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TLC PetSnip is celebrating a huge milestone – its 100,000th spay/neuter surgery. The Lakeland-based nonprofit clinic has been working to provide affordable veterinary care and reduce pet overpopulation in Polk County since 2013.
“It feels unreal to be reaching our 10-year anniversary. I was here on Day One when we were begging for people to come in and walking the neighborhoods passing out fliers showing what we offer. So to be able to say we have successfully spayed/neutered over 100,000 cats and dogs is truly incredible,” Executive Director Emily Lorenzano said.
Lorenzano said opening its new surgical center accelerated the organization’s ability to reach this special milestone.
In August of 2022, TLC PetSnip opened the Peyton Surgical Center next door to its original space at 1701 E. Gary Rd. With the new surgical center in operation, veterinarians are able to see over 300 patients for surgery and treat nearly 200 patients in the medical center each week, according to Lorenzano.
“The Peyton Surgical Center has opened our availability drastically. The new center has allowed us to increase our daily capacity from 40 patients per day to up to 100 patients per day, just because of the added square feet,” she said.
“Prior to opening the surgical center, the general wait time for a 30- to 50-pound female dog was six to eight weeks. Now, the average wait time is two weeks or less,” she added.
Lisa Gray, director of surgical operations, said about 70,000 of the 100,000 spay/neuter surgeries were performed in Lakeland. TLC PetSnip had expanded to two other clinics, however it left Ocala in 2021 and Seffner in 2022 to focus on Lakeland, where she said the need was greater.
Although many of the animals receiving spay/neuter services are pets brought in by their owners, the organization also treats a significant number feral community cats.
The nonprofit offers a discounted surgery price of $30 for feral cats who are brought in using humane traps. It is part of a trap-neuter-vaccinate-return (TNVR) effort.
The fee increased slightly from $25 in March because the organization added the feline viral rhinitis, calicivirus, and panleukopenia vaccine to its service.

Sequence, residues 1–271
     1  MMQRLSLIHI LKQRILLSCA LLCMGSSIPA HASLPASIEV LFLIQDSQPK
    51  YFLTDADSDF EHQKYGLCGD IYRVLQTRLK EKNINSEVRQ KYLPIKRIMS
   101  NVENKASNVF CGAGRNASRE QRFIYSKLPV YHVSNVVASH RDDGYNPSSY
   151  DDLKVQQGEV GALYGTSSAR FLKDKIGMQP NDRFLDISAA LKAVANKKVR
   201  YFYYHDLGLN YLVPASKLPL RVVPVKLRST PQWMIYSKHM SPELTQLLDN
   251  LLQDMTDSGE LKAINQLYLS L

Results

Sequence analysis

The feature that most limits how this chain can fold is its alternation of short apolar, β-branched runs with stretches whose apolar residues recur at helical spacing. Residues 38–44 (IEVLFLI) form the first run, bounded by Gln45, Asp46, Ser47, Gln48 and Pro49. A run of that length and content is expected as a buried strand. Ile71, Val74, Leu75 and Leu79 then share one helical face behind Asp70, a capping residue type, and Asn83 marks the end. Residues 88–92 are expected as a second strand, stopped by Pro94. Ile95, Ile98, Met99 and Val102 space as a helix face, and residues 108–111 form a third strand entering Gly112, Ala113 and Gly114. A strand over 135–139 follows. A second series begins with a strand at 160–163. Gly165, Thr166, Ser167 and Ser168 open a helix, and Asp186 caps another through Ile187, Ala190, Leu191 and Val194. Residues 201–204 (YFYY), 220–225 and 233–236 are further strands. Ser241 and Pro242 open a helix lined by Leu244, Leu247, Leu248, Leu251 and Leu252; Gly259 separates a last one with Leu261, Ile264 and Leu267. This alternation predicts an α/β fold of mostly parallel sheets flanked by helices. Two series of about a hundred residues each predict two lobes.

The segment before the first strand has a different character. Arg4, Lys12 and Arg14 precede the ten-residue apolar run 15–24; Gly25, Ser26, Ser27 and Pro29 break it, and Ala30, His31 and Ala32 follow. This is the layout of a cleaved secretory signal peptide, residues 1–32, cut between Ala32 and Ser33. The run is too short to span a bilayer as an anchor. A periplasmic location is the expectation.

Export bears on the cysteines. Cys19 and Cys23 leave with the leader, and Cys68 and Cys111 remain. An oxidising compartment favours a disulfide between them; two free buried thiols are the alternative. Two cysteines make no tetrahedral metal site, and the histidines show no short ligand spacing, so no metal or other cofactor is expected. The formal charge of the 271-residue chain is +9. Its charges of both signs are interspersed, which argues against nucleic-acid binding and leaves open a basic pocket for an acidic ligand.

“These cats all receive FVRCP and rabies vaccines, sterilization, pain injection and ear tip,” Lorenzano said. “The ear tip is a universal signal to identify feral and community cats that have been sterilized and vaccinated.”
The feral cats in traps can be dropped off Monday through Wednesday. TLC PetSnip offers traps for rent. So far this year, the organization has sterilized 629 community cats; in 2022, its surgeons sterilized 2,034 community cats, according to Lorenzano.
“The mission of TLC PetSnip is to end euthanasia as population control through affordable sterilization services. Feral and community cat sterilization services are offered because of the need in the community. Cats are euthanized at a much higher rate than dogs,” Lorenzano said.
Lorenzano said cats can begin reproducing as early as four months of age and are able to produce two to three litters per year. An average litter is four to six kittens. She said that cats enter the shelter at a much higher rate because of the abundance of strays in the community.
“The overpopulation (of cats) in Polk County is nowhere close to being resolved. We still have a very long way to go, but I feel there is so much hope with the collaboration of local rescues who believe in the mission as much as TLC PetSnip,” Lorenzano said.
According to the latest research from the University of Florida College of Veterinary Medicine, in 2021, 74 percent of cats and dogs that entered the Polk County Animal Shelter made it out alive. The other 26 percent were euthanized. Scott Wilder, a spokesperson for the Polk County Sheriff’s Office, said in early 2022, the county animal shelter was euthanizing on average 159 cats a month.
One of the issues TLC PetSnip founders Terry Sandlak and her late mother, LaVerne Peyton sought to address when they opened in August 2013 was the lack of affordable spay/neuter services, especially for large-breed dogs, Lorenzano explained. They thought having more affordable options would address the overpopulation issue.
“It has definitely not been an easy journey. High-volume spay/neuter was not a common specialty 10 years ago and we had to fight to prove our place in this field,” Lorenzano said.
“We want to make sure for profit general practices know that we are not targeting their clients, but the clients who wouldn’t have gone to a veterinarian otherwise. We now have great relationships with local veterinarians who will refer financially restricted clients to us and know the patients will receive the same high-quality care. The community support we receive is overwhelming.”
TLC PetSnip also offers veterinary care to cats and dogs, with five surgeons on staff and two general practitioners, Lorenzano said.
The spay/neuter services for dogs are priced by weight and range from $95 to $250. Spay/neuter services for female cats cost $75 and male cats cost $50. There are discounts for low-income clients, military and first responders.
The non-profit has an Angel Fund, that is available to any animal needing additional medical care that their pet owner can’t afford.
“We believe no animal should walk out of our door untreated due to financial restrictions of the client. We also take Care Credit and Scratch Pay. Our Angel Fund is subsidized by client and supporter donations,” Lorenzano explained.
TLC PetSnip is open Monday through Friday from 7:30 a.m. to 5 p.m. Its surgeons also offer other specialty surgeries including hernia repairs, eye enucleations, and amputations. The organization recently added dental care and X-rays to its list of services.
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